For kyriarchy-smashing kids who love western dragon fairytales with a twist
Quick Things You Need To Know:
- There are two broad approaches to dragons in kidlit & pop-culture, eastern & western dragons. These fairytale style books feature western dragons.
- I didn’t even bother including books where a prince saves a princess from an evil dragon because baaarf. These are the books with a progressive twist on the tired trope.
- Q’s zodiac sign is a water dragon (2012), so dragons have always been one of his AoHs (areas of hyperfocus). So we’ve read over a hundred books about or featuring dragons.
Quick & Messy Book List:
- paper bag princess – This is our favorite princess + dragon book worth reading so far. Because she tells her jerk fiance to go fuck himself. (She calls him a bum). Ages 3+ Keywords: Bravery, independent women, angry women
- Boy (Cummings) – I LOVE THIS SO MUCH. worked well for 4 & 6, probably fine for 3.5+. deaf protagonist. In this story, it’s the hearing folks who have a hard time communicating. the king and dragon and knights are all fighting because they misunderstood each other. only the Boy points out that thye are fighting for no good reason and why they need to discuss and cooperate. it’s adorably illustrated and LOVELY. does use deficiency language though – he “can’t hear” which is a bit of a bummer. I’m still waiting for a book that focuses on deaf gain. “Boy couldn’t hear, but he was happy. He spoke with dancing hands and he drew pictures for people in the sand.” the Earthquakes are enchanted with the idea of speaking with dancing hands. it’s SO CUTE. only downside is literally every single person in the story is white, and it skews male (male king, implied male knights, male protagonist). disability empowering, AWESOME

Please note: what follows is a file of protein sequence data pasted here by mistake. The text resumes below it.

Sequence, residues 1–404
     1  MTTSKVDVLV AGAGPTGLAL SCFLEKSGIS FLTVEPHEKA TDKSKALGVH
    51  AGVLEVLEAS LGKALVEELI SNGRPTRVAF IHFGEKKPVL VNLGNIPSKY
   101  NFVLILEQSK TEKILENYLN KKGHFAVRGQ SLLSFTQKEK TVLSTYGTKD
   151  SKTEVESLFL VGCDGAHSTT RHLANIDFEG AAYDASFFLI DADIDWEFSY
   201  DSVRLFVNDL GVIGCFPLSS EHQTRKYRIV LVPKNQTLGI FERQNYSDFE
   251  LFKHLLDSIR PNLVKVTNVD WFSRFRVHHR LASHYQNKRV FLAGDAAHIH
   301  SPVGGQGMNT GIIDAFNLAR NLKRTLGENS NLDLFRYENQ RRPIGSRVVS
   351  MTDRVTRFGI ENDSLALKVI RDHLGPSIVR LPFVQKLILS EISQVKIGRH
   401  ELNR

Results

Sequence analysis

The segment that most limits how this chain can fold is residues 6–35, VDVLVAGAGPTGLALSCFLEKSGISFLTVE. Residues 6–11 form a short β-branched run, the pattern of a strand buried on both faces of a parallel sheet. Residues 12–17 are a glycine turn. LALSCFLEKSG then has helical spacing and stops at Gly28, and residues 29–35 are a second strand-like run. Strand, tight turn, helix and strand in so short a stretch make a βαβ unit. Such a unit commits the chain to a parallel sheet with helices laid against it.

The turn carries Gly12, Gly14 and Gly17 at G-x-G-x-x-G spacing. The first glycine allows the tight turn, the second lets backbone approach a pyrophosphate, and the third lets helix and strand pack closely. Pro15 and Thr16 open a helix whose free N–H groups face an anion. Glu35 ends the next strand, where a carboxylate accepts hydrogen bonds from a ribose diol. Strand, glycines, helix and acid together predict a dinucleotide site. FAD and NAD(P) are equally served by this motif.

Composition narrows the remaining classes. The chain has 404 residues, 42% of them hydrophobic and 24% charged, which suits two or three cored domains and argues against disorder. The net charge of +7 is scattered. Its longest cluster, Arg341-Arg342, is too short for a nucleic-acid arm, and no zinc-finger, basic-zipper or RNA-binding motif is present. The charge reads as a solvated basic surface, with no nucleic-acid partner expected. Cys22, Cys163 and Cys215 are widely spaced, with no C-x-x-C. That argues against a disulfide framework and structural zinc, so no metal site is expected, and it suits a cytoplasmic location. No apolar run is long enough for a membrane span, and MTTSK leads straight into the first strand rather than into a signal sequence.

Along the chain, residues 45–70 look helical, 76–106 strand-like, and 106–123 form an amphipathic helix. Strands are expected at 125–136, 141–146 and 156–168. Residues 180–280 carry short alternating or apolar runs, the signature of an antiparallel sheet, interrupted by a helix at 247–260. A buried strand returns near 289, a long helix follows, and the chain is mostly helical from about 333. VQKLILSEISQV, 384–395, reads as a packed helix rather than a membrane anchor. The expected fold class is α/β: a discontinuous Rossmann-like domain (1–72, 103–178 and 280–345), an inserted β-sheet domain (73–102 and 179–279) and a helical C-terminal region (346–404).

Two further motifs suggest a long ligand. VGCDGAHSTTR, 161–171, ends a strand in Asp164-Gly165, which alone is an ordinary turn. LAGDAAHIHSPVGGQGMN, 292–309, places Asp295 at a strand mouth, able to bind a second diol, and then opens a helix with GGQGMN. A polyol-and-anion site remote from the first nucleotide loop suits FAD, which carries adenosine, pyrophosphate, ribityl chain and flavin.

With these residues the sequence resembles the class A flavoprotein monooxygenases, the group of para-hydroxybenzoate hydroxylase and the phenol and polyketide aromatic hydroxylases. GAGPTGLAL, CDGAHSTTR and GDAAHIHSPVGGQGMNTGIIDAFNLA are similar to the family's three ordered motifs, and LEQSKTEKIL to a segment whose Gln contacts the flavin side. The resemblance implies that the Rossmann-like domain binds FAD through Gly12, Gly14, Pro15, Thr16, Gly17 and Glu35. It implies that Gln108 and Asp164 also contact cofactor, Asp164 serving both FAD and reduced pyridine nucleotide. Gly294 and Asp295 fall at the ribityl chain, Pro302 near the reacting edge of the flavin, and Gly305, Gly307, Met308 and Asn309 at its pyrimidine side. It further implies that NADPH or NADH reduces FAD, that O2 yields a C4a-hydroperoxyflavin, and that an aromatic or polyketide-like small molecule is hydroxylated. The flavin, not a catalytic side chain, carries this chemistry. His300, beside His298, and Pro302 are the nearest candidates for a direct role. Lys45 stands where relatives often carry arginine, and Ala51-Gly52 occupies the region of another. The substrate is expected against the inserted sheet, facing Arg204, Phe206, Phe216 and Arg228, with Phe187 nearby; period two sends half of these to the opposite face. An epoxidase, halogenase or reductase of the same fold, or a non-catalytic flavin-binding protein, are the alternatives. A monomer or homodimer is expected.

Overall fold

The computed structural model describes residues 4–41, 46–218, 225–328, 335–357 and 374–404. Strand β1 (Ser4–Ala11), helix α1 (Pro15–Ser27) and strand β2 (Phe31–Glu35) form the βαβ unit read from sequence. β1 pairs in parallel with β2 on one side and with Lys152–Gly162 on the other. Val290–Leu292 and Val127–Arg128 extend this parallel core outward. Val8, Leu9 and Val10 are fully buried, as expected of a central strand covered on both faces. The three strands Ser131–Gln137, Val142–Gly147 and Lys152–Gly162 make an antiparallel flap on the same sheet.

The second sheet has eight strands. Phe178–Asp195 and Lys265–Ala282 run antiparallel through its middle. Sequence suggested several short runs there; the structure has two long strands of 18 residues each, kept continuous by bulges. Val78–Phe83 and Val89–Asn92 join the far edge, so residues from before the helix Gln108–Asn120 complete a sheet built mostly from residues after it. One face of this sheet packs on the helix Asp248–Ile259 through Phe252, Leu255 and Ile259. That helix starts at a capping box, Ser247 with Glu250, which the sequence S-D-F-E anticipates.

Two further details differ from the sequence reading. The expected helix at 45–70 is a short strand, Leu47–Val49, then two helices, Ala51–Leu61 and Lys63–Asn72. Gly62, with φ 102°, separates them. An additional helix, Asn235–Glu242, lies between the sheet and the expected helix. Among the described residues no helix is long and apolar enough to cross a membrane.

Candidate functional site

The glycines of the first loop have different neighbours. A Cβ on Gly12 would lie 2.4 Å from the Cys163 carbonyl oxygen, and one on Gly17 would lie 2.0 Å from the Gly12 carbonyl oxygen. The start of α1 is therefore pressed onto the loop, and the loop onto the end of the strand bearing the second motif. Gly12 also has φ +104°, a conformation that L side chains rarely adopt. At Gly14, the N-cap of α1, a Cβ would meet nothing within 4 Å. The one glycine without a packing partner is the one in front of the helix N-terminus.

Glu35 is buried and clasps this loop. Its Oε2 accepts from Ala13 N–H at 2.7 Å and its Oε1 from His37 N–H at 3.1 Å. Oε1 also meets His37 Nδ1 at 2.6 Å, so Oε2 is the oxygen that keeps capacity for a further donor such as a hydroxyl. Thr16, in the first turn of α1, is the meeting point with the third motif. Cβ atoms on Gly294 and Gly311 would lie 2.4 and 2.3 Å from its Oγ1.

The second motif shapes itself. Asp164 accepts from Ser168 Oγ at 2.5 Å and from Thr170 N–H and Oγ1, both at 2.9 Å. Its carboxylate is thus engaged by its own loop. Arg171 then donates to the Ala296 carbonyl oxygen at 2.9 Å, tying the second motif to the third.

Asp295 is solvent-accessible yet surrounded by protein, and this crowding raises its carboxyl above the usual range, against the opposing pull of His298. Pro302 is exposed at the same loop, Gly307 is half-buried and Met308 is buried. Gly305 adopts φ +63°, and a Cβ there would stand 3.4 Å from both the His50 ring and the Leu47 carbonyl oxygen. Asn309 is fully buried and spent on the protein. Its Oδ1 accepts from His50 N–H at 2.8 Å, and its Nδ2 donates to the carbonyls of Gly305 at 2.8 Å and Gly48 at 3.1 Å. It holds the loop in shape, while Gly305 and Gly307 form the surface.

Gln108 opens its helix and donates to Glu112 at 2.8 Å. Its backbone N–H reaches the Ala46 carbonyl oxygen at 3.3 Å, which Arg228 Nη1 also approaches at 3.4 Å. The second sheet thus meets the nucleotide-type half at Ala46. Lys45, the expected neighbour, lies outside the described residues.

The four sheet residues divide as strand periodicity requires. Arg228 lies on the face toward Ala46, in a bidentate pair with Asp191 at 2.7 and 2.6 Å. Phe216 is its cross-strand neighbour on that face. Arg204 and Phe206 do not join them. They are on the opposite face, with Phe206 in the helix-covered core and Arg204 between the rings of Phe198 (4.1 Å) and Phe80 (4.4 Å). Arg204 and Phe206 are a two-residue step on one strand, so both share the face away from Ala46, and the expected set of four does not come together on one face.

- The Worst Princess (kemp) – Modern homage to the paper bag princess (PBP). She’s bored waiting in a tower for her prince to come, horrified to realize her prince expects her to stay in another tower. Then she teams up with a dragon to blow it to smithereens, and her prince dumps all over her similar to the prince in PBP, calls her the worst princess. Some ableist language like ‘stupid’ and ‘twit.’
- Prince & Knight – (Haack) The prince and a knight (both men) work together to take down a dragon and then fall in looooove. Since it’s a love story, the Earthquakes found the romance a bit mushy. The thing that makes this book unique is that it’s normalizing a gay relationship – but for kids who grow up knowing homosexuality is normal, they were like…okay AND? Great illustrations.
- Hush Little Dragon (Ashburn) – This adorably macabre story can be sung to the tune of ‘hush little baby.’ Except Mama dragon keeps hunting humans to feed her baby. All the humans escape and they eat a horse instead (much to my dismay) but it’s still deliciously dark for a children’s picture book. We use this to discuss speciesism and animal rights.
- A Princess of Great Daring – hill-meyer. Jamie comes out as trans to her friends (she also has lesbian mothers). when they play rescue the princess, Jamie wants to be the princess – but one of great daring, who can run and climb and rescue do everything the boys can do. since she doesn’t need rescuing, they agree to rescue the handsome prince. i’d actually read this story with the kids, but it doesn’t have a hook to engage kids for more than a read or two. transparency: got a free digital version from flamingo rampant so I could review it, but I can’t get a hardcopy to test with the Earthquakes. keywords: trans, LGBTQ+ lesbian family constellations, breaking gender constructs